Report on title—long form Property: [insert name and/or address of the Property] (‘Property’) Purchaser: [insert name, address and (if applicable) company registration number of buyer] Transaction: [insert brief details] 1 Executive summary 1.1 Scope of report This report is addressed to you [insert buyer’s name] and has been prepared for your sole benefit in connection with your proposed acquisition of the Property. This report may not be disclosed to or relied upon by any other party without our prior written consent. 1.2 [ Good and marketable title We are of the opinion that, subject to the matters referred to in this report, upon completion of the purchase of the Property, payment of [ stamp duty land tax OR land transaction tax] and registration at HM Land Registry, you will obtain a good and marketable title to the Property.] 1.3 Areas of concern [Insert any concerns about the Property arising from your due diligence]. [Title indemnity insurance [has been OR will be] obtained in respect of [insert details of title defect which has been/will be insured against]. The indemnity insurance policy provides cover up to a maximum of £[insert amount] for a period of [insert period of cover] against [insert risks covered].] [[Insert any other relevant information and advice about the policy.]] 2 Transaction summary and key terms [You have informed us that this is an investment purchase and this report is based on the assumption that you will continue to use the
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If a care home dismisses an employee who refuses the coronavirus (COVID-19) vaccination and cannot provide evidence of a medical exemption and their notice period ends after 11 November 2021 (the date on which the statutory requirement comes into effect), would the employee be entitled to pay for the period of notice falling after 11 November 2021? How does the 'ready, willing and able to work' principle apply? Under amendments to the Health and Social Care Act 2008 (Regulated Activities) Regulations 2014, SI 2014/2936 set out in the Health and Social Care Act 2008 (Regulated Activities) (Amendment) (Coronavirus) Regulations 2021 (Regulated Activities Amendment Regulations, 2021), SI 2021/891, from 11 November 2021 a care home provider (or its ‘registered person’) will be required to ensure that a person does not enter the premises unless (with certain exemptions) they provide evidence that satisfies the registered person that they: • have completed a course of authorised coronavirus vaccination, or • should not be vaccinated for clinical reasons (ie have a medical exemption) The question of whether, and when, a care home employee who cannot provide evidence of completed vaccination or a medical exemption (and therefore will be unable to work in care home premises) can be fairly dismissed is discussed in News Analysis: Compulsory coronavirus (COVID-19) vaccination of care home staff. Entitlement to notice Section 86 of the Employment Rights Act 1996 (ERA 1996) provides for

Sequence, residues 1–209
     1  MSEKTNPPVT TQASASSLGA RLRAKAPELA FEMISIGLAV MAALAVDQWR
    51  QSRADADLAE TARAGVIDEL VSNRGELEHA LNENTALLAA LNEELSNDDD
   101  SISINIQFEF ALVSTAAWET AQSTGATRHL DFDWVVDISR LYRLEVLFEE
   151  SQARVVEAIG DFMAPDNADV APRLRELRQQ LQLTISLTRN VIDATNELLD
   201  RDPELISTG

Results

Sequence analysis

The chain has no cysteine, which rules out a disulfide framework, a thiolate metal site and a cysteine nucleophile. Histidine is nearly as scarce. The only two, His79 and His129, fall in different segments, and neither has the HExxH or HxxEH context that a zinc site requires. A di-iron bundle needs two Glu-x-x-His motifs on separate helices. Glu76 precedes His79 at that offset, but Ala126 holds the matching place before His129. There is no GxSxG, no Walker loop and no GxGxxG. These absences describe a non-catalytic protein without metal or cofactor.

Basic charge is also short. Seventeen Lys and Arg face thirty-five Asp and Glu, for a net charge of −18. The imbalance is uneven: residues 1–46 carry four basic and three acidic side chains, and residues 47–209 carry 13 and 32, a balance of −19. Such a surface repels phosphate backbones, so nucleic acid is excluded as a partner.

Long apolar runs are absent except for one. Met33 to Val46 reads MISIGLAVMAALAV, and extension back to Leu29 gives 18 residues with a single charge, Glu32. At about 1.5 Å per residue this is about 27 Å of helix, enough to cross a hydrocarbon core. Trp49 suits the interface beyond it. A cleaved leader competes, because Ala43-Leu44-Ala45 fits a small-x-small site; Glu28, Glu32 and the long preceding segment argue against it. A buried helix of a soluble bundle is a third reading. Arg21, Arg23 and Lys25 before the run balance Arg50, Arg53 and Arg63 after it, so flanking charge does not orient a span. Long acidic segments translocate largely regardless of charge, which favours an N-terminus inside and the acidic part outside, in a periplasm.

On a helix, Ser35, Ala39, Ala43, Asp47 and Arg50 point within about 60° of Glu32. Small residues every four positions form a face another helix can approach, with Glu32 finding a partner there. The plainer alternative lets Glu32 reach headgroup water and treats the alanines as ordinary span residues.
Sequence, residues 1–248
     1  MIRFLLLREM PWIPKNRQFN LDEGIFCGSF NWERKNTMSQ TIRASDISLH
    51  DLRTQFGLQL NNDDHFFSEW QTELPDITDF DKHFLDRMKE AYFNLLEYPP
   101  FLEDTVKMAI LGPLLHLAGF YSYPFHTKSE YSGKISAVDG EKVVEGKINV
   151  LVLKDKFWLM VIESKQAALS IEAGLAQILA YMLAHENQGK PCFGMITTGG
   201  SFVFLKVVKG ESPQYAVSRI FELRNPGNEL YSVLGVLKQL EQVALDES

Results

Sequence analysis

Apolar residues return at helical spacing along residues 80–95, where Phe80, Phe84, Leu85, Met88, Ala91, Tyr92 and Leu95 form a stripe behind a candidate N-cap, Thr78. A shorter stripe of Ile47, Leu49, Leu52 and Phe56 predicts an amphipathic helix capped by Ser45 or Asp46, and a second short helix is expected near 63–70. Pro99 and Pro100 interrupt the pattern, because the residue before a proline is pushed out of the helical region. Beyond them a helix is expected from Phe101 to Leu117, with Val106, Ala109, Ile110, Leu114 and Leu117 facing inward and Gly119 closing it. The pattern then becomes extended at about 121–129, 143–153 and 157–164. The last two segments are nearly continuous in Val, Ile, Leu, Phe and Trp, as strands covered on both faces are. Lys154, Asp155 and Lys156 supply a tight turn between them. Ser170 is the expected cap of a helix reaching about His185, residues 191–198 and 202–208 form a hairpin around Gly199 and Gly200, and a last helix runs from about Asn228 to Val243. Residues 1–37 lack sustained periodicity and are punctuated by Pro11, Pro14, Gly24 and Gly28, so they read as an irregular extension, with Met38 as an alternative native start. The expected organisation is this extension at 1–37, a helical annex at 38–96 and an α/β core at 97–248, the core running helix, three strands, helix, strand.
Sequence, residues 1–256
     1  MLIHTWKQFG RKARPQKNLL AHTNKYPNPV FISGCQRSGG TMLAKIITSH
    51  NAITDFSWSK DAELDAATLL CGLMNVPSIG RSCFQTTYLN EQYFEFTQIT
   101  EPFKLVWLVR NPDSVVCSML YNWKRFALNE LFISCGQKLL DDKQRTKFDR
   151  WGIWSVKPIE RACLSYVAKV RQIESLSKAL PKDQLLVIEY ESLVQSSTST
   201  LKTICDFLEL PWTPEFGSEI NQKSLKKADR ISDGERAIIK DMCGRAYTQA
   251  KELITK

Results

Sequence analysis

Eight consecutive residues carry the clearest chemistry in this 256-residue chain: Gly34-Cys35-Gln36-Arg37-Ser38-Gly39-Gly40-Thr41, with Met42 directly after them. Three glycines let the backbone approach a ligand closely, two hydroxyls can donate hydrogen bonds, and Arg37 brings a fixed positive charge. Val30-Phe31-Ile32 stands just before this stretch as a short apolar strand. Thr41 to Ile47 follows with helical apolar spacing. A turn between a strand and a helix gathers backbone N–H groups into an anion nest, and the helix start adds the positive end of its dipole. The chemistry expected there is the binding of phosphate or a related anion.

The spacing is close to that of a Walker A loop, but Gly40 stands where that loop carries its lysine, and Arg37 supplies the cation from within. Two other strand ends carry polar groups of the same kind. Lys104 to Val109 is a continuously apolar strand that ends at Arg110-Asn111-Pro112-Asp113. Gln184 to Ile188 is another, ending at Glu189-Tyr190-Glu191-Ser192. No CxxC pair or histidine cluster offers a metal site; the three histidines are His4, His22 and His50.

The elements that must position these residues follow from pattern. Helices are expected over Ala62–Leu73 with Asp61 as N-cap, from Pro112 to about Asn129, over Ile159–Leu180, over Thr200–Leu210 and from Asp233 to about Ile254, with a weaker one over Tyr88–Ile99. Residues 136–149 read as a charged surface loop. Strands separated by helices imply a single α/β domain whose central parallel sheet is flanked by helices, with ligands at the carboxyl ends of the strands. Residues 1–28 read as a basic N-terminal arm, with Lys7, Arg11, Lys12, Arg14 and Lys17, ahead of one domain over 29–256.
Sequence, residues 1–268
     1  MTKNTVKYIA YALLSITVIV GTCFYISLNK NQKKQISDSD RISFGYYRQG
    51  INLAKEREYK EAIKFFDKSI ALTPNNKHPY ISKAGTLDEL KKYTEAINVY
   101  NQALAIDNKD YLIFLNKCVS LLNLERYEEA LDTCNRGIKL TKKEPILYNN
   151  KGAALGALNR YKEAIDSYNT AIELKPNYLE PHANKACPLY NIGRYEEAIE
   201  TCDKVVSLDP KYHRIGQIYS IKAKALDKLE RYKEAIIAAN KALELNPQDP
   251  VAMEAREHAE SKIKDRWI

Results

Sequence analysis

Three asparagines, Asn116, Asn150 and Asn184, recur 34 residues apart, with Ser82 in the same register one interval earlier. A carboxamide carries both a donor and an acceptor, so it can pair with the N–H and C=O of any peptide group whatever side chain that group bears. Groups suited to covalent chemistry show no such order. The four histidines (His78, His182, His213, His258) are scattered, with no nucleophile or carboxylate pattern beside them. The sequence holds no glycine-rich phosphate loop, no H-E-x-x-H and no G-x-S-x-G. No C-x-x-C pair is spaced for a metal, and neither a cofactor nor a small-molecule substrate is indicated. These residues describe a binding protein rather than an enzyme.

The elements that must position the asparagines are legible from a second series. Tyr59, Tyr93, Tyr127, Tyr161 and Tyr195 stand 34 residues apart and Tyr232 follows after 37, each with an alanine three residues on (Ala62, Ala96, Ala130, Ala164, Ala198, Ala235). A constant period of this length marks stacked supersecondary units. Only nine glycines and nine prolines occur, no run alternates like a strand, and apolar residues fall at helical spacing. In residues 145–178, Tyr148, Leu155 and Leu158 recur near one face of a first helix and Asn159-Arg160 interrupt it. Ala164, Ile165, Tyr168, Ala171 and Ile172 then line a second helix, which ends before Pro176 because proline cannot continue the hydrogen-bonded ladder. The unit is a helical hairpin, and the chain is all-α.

Do you have any guidance for the employer of an employee who is an EEA citizen, employed in the UK, who is refusing to apply for the EU settlement scheme by 30 June 2021, despite being entitled to it, and the effect on the UK employment contract? Right to work checks A correctly conducted right to work check can provide an employer with a statutory excuse against a civil penalty for employing a person illegally, should it be that the employee in question does not have, or loses, the right to work at some point during the employment. To obtain the excuse, the employer must show that it has taken particular steps during the right to work check. Whatever the circumstances of the worker’s illegality a valid right to work check will, with one important exception, act as a statutory excuse for the employer against a civil penalty. The sole exception to this is where the employer has had knowledge ‘at any time during the period of employment’ that the employment was unlawful. The use of the phrase ‘at any time’ suggests that knowledge of illegality does not have to be concurrent with the period of illegality. Knowledge of illegality, or having reasonable cause to believe that a person does not have the right to work, also gives rise to the separate criminal offence of employing a person illegally. For
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Pensions analysis: In July 2022 the Department for Work and Pensions (DWP) published a response to its consultation on the Draft Pensions Dashboards Regulations 2022 (the Regulations). Richard Knight, partner at Burges Salmon considers the outcome and implications of this response.
Law360: Perenco has frozen bank accounts in Luxembourg used by Ecuador to pay its sovereign debt, as the British oil and gas company continues trying to enforce a US$412m award it won following more than a decade of arbitration proceedings over the allocation of profits from two Amazonian oil blocks.